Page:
Note! Information in this article may be dated. To search recent bulletin articles click here.

Advertise Proficient Language Skills Only

By Miriam J. Baer, Assistant Director, Legal Services

Do you advertise that you speak Spanish?  If so, be certain that your Spanish skills are up to par. The Commission has recently received complaints that agents are advertising that they speak Spanish, when in fact their skills are inadequate to handle a real estate transaction.

With the rising Spanish-speaking population in North Carolina, it may be good marketing to advertise that you speak Spanish or that your firm has the resources to handle a transaction requiring Spanish (or any other foreign language). Just be sure that any representation you make is accurate.

For example, if you advertise that you speak Spanish, you should not have to rely on a translator to assist you.  If you advertise that Spanish is spoken at your office, then you or your office should have a Spanish-speaking person available to take a call in Spanish or meet with a Spanish-speaker who arrives at your office.

Perhaps neither you nor any other member of your firm speaks a foreign language, but you are willing to employ a translator when the need arises.  In that case, don’t advertise that you speak Spanish (or French or Norwegian). Instead, advertise your readiness to hire a translator to assist in any transaction.

The Commission recently received a complaint about a listing agent whose rider announced, “se habla Espanol” (“Spanish spoken”).  The complainant left a voice mail message for the listing agent in Spanish, and didn’t receive a call back for several days.  When he finally got the call, the person on the phone represented herself to be the listing agent.  According to the complainant, this was not true.  In fact, she was a translator, but she was holding herself out to be the agent.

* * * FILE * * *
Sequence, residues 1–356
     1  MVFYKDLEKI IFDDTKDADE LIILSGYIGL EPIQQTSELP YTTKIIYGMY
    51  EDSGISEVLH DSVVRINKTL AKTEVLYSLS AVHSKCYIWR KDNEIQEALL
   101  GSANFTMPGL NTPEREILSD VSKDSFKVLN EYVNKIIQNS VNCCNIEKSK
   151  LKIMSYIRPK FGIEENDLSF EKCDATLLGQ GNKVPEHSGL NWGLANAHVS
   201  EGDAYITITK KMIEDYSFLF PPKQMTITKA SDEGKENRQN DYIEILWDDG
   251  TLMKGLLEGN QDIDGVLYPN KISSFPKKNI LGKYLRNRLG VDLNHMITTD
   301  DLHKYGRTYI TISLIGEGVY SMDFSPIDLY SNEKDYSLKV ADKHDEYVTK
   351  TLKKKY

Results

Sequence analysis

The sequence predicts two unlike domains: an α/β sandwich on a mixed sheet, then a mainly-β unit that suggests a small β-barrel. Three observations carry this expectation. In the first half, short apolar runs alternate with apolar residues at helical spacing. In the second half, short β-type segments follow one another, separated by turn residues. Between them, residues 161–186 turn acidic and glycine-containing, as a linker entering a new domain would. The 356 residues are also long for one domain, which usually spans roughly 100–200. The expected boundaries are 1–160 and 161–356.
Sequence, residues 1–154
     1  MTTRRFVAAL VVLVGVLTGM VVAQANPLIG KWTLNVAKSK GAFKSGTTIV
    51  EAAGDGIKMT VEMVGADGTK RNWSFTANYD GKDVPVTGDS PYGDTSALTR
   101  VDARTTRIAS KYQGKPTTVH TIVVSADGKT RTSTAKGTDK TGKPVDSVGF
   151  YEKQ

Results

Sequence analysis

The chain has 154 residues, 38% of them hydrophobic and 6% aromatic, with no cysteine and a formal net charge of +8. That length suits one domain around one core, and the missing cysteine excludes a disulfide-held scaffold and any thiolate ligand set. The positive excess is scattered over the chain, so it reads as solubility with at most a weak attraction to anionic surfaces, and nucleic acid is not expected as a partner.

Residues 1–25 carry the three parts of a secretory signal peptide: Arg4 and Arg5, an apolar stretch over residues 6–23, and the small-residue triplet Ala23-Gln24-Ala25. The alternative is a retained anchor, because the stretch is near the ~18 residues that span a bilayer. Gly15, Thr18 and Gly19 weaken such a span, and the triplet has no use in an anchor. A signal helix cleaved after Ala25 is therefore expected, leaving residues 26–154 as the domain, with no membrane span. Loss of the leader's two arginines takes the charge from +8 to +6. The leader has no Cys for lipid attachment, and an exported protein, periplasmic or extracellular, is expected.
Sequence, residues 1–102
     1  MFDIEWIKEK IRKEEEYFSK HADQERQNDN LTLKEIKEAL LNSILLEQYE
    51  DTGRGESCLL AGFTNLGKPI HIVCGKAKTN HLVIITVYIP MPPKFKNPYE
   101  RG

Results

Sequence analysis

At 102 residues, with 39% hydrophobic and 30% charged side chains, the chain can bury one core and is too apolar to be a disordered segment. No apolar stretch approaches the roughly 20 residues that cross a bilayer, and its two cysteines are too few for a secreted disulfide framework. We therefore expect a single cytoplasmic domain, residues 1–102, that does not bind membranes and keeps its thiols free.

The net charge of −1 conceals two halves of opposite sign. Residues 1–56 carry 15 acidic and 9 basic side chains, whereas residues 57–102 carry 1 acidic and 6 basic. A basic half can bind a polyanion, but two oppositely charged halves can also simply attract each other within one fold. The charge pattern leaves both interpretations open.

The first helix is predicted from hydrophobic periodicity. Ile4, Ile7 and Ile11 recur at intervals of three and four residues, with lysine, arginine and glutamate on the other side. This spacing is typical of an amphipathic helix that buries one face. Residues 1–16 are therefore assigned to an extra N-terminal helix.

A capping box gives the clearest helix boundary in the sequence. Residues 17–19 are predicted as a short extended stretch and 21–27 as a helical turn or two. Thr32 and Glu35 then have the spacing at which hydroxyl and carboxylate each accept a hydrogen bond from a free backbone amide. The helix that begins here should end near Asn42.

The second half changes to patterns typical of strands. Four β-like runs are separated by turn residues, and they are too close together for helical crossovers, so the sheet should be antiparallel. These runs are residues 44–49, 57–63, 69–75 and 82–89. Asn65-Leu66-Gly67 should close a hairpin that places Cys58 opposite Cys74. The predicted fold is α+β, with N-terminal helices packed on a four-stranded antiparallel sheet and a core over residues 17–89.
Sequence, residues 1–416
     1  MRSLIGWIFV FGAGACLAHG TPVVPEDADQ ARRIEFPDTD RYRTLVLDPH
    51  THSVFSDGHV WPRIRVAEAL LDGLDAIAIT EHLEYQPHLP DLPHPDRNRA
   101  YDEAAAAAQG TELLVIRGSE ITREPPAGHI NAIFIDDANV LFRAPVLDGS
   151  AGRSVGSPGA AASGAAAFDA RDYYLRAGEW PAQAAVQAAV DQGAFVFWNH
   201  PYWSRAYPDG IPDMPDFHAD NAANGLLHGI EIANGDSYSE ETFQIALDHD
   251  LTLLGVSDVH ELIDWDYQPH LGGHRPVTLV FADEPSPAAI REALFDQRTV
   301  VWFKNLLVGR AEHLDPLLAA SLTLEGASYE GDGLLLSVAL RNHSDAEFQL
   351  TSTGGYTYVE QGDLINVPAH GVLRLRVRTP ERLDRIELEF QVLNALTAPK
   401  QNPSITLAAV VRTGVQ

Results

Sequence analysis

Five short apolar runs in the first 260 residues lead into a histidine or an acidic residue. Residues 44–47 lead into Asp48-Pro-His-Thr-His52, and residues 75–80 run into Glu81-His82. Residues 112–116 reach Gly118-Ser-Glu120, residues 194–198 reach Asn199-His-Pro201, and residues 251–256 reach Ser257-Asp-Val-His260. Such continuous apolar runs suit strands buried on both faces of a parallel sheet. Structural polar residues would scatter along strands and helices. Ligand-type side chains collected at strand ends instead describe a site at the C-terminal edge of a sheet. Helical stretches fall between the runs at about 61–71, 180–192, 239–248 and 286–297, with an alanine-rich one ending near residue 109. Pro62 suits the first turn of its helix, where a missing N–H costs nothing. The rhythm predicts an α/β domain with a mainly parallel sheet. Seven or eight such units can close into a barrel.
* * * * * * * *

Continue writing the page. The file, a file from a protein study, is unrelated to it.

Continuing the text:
This practice is deceptive.  If you are using a translator, be sure to explain to the parties that they are speaking to a translator.  This is particularly important if you are doing so by phone or other electronic means where the person to whom you are speaking cannot see you and the translator.

Never let a translator take over a transaction or imply in any way that he or she is licensed.  Rather, have the translator do what he or she is trained to do: translate your words, as you are speaking, into the foreign language.  This will avoid any misunderstanding about your respective roles in the transaction.  It will also help assure that the translator does not engage in the unlicensed practice of real estate.

This article came from the October 2002-Vol33-2 edition of the bulletin.